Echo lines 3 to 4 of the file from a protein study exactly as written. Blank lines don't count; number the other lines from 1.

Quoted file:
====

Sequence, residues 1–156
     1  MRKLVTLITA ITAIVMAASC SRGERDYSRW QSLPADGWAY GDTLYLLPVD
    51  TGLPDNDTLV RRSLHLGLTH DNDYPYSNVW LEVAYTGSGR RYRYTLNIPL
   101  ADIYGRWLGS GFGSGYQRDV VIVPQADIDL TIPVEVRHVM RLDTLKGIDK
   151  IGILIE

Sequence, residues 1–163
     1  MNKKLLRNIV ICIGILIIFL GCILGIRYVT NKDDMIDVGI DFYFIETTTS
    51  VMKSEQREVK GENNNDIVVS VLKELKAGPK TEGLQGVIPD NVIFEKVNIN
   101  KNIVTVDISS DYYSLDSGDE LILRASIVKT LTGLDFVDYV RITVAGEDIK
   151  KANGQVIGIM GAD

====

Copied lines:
    51  TGLPDNDTLV RRSLHLGLTH DNDYPYSNVW LEVAYTGSGR RYRYTLNIPL
   101  ADIYGRWLGS GFGSGYQRDV VIVPQADIDL TIPVEVRHVM RLDTLKGIDK